List Building – Cookie Tracking

Despite all the negative you hear about tracking cookies, they’re actually not that bad. In fact, the majority of websites out there use cookies in one way or another to save information about your visit to their site. When you log into a site like eBay for example, a cookie is placed on your computer that allows eBay to recognize you the next time you come back.

In the case of your website, you can utilize tracking cookies to tell you a little more about your visitors such as what web browsers they use, what countries they come from and how they got to your site. This information will help dramatically with learning your site’s demographics.

Advertising cookies

Tracking cookies are most commonly used in advertisements to help keep everything organized and most importantly, relavent. Ad networks use these cookies as you travel from site to site where the same ad network(s) are used. This allows that company to follow your movement (tracking) and show you ads that are based on your previous activities.

From an advertising perspective, this makes perfect sense. If you were on eBay searching for car parts, eBay might show you ads related to cars and then if you go over to Amazon, the first ads you see are likely to be car parts. Amazon could also use previous cookies to show some car-related products on their homepage in hopes of selling something to you.

Tracking cookies

Essentially all cookies have some sort of tracking element to them and their sole purpose is to carry Internet usage data with them as you travel from site to site. Some people are fearful of tracking cookies simply because of their name. The words tracking and Internet don’t play well in a lot of people’s minds and they immediately have visions of companies hoarding personal information.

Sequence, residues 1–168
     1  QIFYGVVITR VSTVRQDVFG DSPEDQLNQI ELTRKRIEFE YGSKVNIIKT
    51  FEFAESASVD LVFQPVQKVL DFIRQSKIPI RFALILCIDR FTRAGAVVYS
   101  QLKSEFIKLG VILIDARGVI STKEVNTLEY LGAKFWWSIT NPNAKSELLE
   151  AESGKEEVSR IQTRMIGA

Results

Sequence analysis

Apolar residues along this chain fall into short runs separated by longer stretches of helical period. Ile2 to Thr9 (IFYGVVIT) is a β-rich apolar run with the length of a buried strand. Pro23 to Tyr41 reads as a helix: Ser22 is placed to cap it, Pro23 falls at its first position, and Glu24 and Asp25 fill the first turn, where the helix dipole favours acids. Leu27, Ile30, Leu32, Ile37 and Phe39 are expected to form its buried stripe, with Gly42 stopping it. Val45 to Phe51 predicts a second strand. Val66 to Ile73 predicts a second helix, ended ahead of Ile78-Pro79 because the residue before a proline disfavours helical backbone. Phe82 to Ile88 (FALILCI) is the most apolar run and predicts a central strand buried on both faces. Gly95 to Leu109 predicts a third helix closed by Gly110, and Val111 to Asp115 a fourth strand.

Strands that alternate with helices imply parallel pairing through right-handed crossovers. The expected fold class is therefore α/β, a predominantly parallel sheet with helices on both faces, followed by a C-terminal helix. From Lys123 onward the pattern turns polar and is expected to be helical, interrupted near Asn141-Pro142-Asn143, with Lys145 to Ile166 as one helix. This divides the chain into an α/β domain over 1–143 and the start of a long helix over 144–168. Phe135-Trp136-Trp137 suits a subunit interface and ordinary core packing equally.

This is simply not the case. Sure, cookies do store information that is specific to you, but it’s nothing that could identify you. However, due to privacy concerns, you have the option of turning cookies off in your favorite browser. I don’t recommend it because I actually like going to a website that remembers who I am and is able to show me products and ads that are related to my preferences.


These days, software called spyware can be installed on your system and you may not even know it. But, as mentioned above, not all spyware is bad. One example would be your printer software. Most printer manufacturers install spyware on your system as part of the driver installation and it’s used to “phone home” to make sure that your device is always up to date.

However, every positive has its negative and spyware is no exception. There are many malicious programs out there that can harvest much more than driver versions. Things such as keyloggers can be used to gain unauthorized access to machines, but this is a separate topic!

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